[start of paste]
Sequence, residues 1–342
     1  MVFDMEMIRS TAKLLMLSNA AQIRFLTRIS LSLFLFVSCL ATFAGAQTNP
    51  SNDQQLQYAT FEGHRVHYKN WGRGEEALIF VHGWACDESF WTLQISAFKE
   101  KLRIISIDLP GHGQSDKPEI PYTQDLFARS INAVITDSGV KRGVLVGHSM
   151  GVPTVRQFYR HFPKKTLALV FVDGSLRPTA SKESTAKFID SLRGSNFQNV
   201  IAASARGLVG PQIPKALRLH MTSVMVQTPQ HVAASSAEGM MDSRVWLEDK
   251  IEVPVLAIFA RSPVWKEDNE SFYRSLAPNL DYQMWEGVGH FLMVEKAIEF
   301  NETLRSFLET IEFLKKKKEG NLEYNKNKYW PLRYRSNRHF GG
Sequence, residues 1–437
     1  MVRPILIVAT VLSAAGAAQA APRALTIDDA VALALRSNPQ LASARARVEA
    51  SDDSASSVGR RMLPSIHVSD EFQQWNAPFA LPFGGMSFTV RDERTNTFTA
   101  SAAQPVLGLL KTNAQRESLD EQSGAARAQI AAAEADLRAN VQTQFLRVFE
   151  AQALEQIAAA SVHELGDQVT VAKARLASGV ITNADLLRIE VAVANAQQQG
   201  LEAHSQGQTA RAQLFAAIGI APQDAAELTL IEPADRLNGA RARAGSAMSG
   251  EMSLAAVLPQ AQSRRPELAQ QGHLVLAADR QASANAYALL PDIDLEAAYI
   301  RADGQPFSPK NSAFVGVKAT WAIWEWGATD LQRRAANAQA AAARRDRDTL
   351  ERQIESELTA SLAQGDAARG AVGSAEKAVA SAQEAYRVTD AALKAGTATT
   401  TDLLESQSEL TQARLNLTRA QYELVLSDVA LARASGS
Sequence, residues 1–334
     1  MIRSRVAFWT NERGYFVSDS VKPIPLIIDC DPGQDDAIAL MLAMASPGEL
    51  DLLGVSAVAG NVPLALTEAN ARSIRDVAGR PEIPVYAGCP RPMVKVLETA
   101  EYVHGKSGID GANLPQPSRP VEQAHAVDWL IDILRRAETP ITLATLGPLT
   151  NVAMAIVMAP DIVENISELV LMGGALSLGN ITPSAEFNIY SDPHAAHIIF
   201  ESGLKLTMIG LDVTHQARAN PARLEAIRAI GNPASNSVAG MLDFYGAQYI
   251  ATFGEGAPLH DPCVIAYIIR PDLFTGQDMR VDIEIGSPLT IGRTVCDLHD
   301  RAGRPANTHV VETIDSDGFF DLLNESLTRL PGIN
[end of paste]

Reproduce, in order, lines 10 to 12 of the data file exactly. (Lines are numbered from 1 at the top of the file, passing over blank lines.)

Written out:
     1  MVRPILIVAT VLSAAGAAQA APRALTIDDA VALALRSNPQ LASARARVEA
    51  SDDSASSVGR RMLPSIHVSD EFQQWNAPFA LPFGGMSFTV RDERTNTFTA
   101  SAAQPVLGLL KTNAQRESLD EQSGAARAQI AAAEADLRAN VQTQFLRVFE